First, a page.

Ive looked up implementing gravity on several sites. Subtract a constant gravity (9.8 * DeltaTime) from the velocity each frame. My problem is, when implementing it as they say, when walking off a ledge the player will float off, not vertically, just accelerates too slowly as he falls.

World->Gravity = -9.8 * PixelsToMeters;   // PixelsToMeters = 32
CurrentAcceleration = Vector2(0.0f, World->Gravity);
CurrentVelocity = (CurrentAcceleration * DeltaTime) + PrevVelocity;
Vector2 halfATSq = currentAcceleration * 0.5f * Square(DeltaTime);
Vector2 vt = CurrentVelocity * DeltaTime;
CurrentDelta = halfATSq + vt;
CurrentPosition += CurrentDelta;

Now the thing is, with the 1/2at^2 + vt + p calculation, the character does fall about 20 meters in 2 seconds, (I think those are the numbers I used, that was a couple hours ago), so it seems the calculations are right. Ive played quite a few side scrollers and none of them have this floating feel.

So, I tried calculating the gravity based on a TimeInAir variable that multiplies the World->Gravity on the third line, instead of DeltaTime.

CurrentVelocity = Vector2(currentAcceleration.X * DeltaTime, currentAcceleration.Y * TimeInAir) + PrevVelocity;

He no longer floats, he falls as expected. Even jumping looks better. However, now he falls 20 meters in 1 second. Ill deal with this, it is only a game and not reality.

Question is, why is it that this works instead of the original code? Or do I have an error somewhere? Because I have to rework the physics code to get it to look right for everything, instead of just using the basic equations. Is it because its all calculated in pixels? Im wondering if I need to add a full gravity to the velocity on the first frame instead of gravity * DeltaTime? This works for falling off a ledge, but not for jumping.

Im testing these questions as I think of them in my code, and still not getting it. These ideas dont seem to work. Thanks for looking and whatever help or ideas you can give!

  • \$\begingroup\$ Are you assigning to PrevVelocity correctly? \$\endgroup\$
    – user35344
    Sep 4, 2018 at 16:00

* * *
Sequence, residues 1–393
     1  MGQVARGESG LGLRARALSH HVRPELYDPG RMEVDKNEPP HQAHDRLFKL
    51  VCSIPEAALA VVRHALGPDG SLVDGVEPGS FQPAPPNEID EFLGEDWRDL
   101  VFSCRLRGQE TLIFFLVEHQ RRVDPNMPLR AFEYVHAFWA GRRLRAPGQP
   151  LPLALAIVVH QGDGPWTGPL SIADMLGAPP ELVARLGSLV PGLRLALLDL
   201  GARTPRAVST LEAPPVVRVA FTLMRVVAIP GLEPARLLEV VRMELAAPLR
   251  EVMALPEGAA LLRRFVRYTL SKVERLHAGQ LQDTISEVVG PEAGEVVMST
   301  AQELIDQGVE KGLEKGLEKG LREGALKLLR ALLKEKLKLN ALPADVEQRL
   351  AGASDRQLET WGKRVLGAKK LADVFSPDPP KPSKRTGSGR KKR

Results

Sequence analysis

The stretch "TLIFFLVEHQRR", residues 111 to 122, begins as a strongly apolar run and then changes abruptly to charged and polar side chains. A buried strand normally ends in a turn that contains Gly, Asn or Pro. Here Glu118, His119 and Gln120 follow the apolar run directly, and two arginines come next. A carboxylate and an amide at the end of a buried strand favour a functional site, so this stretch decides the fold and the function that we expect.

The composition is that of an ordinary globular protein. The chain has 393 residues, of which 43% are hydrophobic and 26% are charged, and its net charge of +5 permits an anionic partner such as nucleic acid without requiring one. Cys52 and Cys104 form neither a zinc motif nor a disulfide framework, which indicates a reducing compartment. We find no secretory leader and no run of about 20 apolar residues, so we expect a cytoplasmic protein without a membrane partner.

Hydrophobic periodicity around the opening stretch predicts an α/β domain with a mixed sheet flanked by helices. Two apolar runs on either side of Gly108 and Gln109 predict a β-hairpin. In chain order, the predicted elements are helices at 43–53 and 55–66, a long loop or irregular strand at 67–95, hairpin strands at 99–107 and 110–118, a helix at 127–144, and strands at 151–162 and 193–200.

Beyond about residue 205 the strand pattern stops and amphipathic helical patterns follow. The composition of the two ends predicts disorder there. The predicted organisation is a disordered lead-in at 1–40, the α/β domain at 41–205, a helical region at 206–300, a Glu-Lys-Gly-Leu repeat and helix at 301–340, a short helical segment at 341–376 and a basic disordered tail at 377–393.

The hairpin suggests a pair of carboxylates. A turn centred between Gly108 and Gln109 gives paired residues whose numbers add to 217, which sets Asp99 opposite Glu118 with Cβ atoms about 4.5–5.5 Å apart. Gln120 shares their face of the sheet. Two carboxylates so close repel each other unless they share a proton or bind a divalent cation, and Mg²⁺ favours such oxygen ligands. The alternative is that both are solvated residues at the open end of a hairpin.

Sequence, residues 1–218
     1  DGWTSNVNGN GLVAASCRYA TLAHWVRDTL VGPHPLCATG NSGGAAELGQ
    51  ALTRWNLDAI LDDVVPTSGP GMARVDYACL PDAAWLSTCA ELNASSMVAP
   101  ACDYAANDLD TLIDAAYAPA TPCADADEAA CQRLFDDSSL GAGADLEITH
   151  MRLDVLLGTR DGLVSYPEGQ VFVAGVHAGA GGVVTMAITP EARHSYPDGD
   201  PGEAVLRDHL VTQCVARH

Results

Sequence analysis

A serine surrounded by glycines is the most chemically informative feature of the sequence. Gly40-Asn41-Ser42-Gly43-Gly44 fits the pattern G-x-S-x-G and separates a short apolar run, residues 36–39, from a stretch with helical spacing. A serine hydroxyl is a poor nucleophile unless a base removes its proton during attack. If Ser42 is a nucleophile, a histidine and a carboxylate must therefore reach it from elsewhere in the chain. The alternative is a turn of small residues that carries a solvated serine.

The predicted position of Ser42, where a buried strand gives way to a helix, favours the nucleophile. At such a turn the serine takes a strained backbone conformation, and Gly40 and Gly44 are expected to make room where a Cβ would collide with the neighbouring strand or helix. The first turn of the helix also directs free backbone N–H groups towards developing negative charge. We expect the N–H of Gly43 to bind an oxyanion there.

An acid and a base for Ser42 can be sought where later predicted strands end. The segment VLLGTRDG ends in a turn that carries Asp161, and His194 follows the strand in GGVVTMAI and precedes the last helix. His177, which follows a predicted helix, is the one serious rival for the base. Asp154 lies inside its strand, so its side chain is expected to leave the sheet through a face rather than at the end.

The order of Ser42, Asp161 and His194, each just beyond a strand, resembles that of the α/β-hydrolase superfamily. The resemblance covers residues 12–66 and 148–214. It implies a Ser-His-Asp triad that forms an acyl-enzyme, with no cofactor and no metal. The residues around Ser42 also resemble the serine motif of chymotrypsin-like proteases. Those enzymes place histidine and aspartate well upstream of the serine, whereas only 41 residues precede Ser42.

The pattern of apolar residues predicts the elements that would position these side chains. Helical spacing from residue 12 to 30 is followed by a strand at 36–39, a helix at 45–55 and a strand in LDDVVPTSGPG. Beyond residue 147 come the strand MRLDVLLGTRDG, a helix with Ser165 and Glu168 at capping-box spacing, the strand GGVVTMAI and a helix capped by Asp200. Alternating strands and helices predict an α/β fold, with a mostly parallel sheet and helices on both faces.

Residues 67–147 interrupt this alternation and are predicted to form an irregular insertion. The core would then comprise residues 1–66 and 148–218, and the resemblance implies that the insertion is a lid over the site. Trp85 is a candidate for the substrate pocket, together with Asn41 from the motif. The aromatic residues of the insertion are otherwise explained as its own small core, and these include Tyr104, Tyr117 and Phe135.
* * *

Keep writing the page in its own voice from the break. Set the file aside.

• \$\begingroup\$ Yes, PrevVelocity = CurrentVelocity at the start of the Update loop, before all CurrentVelocity calculations happen. CurrentVelocity is stored in the Player class, so its persistant as well. Checked it in debug mode and it is storing correctly. \$\endgroup\$ Sep 4, 2018 at 18:02
  • \$\begingroup\$ I don't understand why you'd use realistic gravity numbers, unless your game is a real-life simulation, which a 2D sidescroller probably shouldn't. Your characters are pixels, if you need gravity acceleration to be 20 instead of 9.8, then so be it. If your game is more fun with a gravity of 5, then gravity should be 5. I find it silly to emulate real-life when making a video game that is mean to help you escape from it. \$\endgroup\$ Dec 18, 2018 at 10:11
  • \$\begingroup\$ You're setting PixelsToMeters (which I'm assuming actually means MetersToPixels) to 32 here. A meter is a pretty long distance. A span of 32 pixels comparatively is very short on common display resolutions. Even if you're running at a tiny internal resolution of 640x480, your screen will show 15 meters of vertical distance at all times, which is similar to viewing a scene from very far away. Realistic movement is going to look slow on those scales. \$\endgroup\$
    – Cubic
    Jul 7, 2023 at 10:51

1 Answer 1


Subtract a constant gravity (9.8 * DeltaTime)

Just FYI, 9.81 m/s^2 is not "Gravity". It's acceleration due to Gravity (on Earth).


Also, it looks like you are mixing up the kinematic equations. The equation you are using is:

0.5*a*t*t + v*t + p

This equation calculates the position based on initial velocity and initial position with constant acceleration, so you shouldn't be recalculating your velocity, and then feeding it back into the equation to calculate the distance. The equation already accounts for change in velocity with the 1/2at^2 term. Instead use prevVelocity here, and recalculate currentVelocity for use in the next frame.

I would recommend just using:

v += a * deltaT
p += v * deltaT


Also, sidescroller games don't always use 9.81m/s^2 as their acceleration due to gravity. Maybe this is just because it isn't snappy enough. If your game takes place in a different world, then you can use whatever acceleration you want and still be correct :)

  • \$\begingroup\$ Just tried this and I get the same behavior. The downward acceleration is too slow, resulting in the floating feeling. Essentially what you asked was for me to just remove the halfATSq part from the CurrentDelta, right? That would actually slow down the acceleration, as halfATSq adds just a bit. Im wondering if Im doing the calculations in the wrong place or out of order or what? I had the same kind of issue with Unity once, and the issue was with the scale of the world I had. Scaled it down to the 1 meter size and it worked fine. Going to try multiplying things real quick by PixelsToMeters... \$\endgroup\$ Sep 4, 2018 at 20:24

You must log in to answer this question.

Not the answer you're looking for? Browse other questions tagged .